7 ways to prepare grazing herds for big rain events

Although changing weather patterns seem to bring rainfall in sudden, torrential downpours and flooding has become normal for many farms, planning can reduce the impact of big weather events.

Farmers Weekly asked LIC consultant Sean Chubb for some tips on how dairy farmers can prepare.

See more: Advice to help you protect your farm during flooding

1. Plan and monitor

There is no foolproof way of getting accurate weather data. However, a weather station will give you information about rainfall, soil temperature and moisture for your farm to make more timely decisions.

For instance, once your soil moisture starts creeping up, you can get the team ready to implement your mitigation strategies.

Think about the rotation leading up to these times of year. Avoid grazing flooded paddocks first in spring.

Break up the farm into wet and dry paddocks, then graze dry paddocks before the end of October to allow them to recover for February turnout.

2. Grazing

Graze “as wet as you dare”, but grazing higher covers in wet conditions causes less damage as pasture can handle the water load. And don’t push for low residuals.

Set break fences up to graze squares, not rectangles. This disperses cows out and minimises poaching.

In a long rectangle, cows keep overtaking each other up to the fence and back because the grazing instinct of the herd animal is movement.

Start on/off grazing when paddocks are at field capacity, to avoid damage caused by excess water in the soil.

Suddenly switching to on/off grazing will see production drop for a couple of days.

To avoid this, transition cows to it over three days (where they graze non-stop for eight hours, then are pulled off to ruminate).

If offering buffer feed, turn cows out with an edge to appetite and pull them inside to eat buffer.

3. Using infrastructure

Tracks and paddocks are set up to access grass during wet weather. But if you are susceptible to big weather events, plan to use infrastructure flexibly.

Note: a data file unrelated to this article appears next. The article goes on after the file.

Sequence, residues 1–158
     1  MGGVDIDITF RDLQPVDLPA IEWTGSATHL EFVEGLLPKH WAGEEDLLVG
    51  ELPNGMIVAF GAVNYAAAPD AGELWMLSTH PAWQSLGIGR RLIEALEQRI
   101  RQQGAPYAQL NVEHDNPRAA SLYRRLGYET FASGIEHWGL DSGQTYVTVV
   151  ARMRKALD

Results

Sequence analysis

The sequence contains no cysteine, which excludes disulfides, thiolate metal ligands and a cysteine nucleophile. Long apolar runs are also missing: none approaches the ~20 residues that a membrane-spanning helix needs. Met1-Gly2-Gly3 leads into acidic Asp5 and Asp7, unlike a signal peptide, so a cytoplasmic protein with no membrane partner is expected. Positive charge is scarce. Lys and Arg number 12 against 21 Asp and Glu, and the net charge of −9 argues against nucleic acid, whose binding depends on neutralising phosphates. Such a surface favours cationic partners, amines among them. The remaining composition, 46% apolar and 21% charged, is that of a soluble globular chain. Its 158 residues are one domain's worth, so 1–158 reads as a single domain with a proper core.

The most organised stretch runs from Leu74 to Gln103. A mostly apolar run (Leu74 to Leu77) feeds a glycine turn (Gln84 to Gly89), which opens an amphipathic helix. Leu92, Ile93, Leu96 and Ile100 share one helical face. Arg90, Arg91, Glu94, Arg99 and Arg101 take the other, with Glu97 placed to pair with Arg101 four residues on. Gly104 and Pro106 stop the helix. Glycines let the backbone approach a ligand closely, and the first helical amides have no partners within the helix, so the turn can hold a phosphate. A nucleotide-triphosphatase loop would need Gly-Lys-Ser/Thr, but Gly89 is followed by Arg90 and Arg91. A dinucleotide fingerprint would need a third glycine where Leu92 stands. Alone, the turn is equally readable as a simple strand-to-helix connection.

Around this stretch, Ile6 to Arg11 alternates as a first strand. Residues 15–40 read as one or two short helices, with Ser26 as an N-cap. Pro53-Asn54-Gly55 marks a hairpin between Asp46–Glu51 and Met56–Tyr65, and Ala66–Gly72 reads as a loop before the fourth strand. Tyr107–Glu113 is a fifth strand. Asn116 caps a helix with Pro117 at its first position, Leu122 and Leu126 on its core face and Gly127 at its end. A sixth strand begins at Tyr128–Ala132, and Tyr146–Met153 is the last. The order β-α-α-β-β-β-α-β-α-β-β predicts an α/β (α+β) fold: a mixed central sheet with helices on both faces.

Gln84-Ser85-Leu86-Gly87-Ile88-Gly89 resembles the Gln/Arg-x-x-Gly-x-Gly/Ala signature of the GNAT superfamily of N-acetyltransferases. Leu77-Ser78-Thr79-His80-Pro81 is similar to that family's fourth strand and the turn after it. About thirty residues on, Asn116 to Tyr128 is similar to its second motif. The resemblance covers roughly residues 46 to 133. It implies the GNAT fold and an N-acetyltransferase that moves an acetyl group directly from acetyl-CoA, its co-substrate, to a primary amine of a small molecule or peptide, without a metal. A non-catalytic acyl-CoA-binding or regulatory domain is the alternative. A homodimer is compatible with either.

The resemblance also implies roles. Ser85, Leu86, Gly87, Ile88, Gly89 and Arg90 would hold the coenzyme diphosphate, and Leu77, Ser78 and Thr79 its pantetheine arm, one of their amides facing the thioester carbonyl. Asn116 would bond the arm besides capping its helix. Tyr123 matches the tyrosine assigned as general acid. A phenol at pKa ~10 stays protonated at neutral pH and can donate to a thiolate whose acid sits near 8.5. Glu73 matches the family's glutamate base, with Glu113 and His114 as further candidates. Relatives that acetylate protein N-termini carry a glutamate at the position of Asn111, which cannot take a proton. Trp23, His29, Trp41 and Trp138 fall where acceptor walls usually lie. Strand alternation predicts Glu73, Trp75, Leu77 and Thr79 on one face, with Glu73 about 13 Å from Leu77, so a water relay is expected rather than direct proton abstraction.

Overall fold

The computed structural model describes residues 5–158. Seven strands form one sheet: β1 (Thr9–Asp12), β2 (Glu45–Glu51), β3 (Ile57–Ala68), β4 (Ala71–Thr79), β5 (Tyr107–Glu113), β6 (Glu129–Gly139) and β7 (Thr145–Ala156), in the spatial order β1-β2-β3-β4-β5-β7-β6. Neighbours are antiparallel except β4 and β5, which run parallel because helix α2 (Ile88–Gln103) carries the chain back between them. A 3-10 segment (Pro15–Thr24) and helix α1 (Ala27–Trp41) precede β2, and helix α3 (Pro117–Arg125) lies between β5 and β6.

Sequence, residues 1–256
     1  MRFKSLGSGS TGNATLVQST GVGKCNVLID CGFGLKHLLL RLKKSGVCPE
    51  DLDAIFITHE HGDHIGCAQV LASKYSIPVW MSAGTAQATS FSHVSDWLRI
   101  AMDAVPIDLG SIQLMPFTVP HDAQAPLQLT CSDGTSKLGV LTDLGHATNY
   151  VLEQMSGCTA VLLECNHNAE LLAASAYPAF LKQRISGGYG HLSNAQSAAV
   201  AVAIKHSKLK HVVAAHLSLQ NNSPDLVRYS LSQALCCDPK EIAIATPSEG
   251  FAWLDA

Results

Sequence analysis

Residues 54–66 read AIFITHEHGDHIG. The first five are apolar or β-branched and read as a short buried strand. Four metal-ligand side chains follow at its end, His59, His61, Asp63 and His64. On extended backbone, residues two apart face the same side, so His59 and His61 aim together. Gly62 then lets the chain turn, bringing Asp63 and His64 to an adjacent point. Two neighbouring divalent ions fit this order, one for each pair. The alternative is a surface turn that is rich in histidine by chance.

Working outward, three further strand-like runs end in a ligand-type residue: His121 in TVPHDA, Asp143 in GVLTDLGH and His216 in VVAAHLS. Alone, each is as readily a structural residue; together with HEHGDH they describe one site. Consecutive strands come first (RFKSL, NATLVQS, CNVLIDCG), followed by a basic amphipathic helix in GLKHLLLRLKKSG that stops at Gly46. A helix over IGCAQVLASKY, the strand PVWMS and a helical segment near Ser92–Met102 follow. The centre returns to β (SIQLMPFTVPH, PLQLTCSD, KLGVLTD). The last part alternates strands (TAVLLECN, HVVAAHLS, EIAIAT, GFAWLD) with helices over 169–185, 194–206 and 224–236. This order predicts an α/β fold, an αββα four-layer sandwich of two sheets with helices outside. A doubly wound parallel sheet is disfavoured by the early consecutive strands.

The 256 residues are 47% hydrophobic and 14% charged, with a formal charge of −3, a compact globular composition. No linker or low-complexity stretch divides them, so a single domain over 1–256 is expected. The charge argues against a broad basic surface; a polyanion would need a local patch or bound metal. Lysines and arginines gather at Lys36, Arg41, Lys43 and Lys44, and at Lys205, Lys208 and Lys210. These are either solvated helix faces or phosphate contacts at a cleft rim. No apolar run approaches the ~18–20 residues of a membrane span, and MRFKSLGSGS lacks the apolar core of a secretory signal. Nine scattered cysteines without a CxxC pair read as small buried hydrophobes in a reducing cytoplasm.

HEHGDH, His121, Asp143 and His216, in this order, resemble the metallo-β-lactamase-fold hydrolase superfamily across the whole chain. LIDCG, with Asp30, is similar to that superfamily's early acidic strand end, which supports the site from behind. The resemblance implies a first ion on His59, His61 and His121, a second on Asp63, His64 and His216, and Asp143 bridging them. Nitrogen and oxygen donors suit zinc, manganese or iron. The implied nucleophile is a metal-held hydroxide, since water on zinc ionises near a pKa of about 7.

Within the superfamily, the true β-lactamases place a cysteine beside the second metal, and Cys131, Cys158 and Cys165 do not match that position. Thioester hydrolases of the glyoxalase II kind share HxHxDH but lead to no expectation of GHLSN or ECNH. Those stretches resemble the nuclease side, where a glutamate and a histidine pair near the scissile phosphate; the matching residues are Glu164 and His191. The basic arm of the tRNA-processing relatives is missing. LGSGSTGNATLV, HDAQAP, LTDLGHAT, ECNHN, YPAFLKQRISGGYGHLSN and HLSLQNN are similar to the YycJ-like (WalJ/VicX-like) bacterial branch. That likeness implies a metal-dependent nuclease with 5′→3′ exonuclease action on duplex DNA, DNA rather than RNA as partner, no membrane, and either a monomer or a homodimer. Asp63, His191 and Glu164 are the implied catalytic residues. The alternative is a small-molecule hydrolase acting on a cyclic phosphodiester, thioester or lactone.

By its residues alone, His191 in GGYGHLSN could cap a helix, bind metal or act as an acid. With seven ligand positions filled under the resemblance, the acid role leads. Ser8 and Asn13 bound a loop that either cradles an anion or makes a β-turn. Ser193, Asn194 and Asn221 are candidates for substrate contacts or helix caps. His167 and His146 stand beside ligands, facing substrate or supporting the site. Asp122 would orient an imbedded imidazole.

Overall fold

Having more water troughs, for instance, allows you break down paddocks further and move cows more frequently.

Drop the whole fence line between the paddock and the track to minimise damage in gateways. Cows can then choose where they enter and exit.

4. Risk management

Have money in the bank and silage in the clamp to cover events when cows have to be housed earlier or turned out later.

The cheapest and most flexible way is to have some feed in reserve, plus cash on hand.

If you put all your money into feed, it is locked in and cannot be spent elsewhere if extra feed is not needed.

5. Outwintered stock

To minimise damaged areas, if you have a week of torrential rain forecast, keep the damage to one paddock by feeding in ring feeders.

Where the soil has lost its canopy protection, because crops have been grazed, not only will this cause more treading damage and compaction, if these fields are on a slope, you can also get soil run-off.

Use back fencing to stop cows moving on to pre-grazed land.

6. Staff

The person fetching the cows is not usually the manager making decisions about feeding and paddock selection. It is important, therefore, to have good communication between the two.

Paddock damage reports need to be shared, and management plans communicated.

Make sure everyone is trained and understands what to do.

Staff will be out in the bad weather most, so recognise their hard work: say thank you or give them a couple of extra beers on a Friday.

Make sure they have good wet-weather gear and dry boots.

7. Manage mental health

Talk to other people – they will all be going through the same experience, so you won’t feel alone.

Remember that grass is a resilient plant, and it will recover. You can minimise damage.

Also, remember the events of the season as a whole – don’t get lost in the here and now – this will be just a short blip.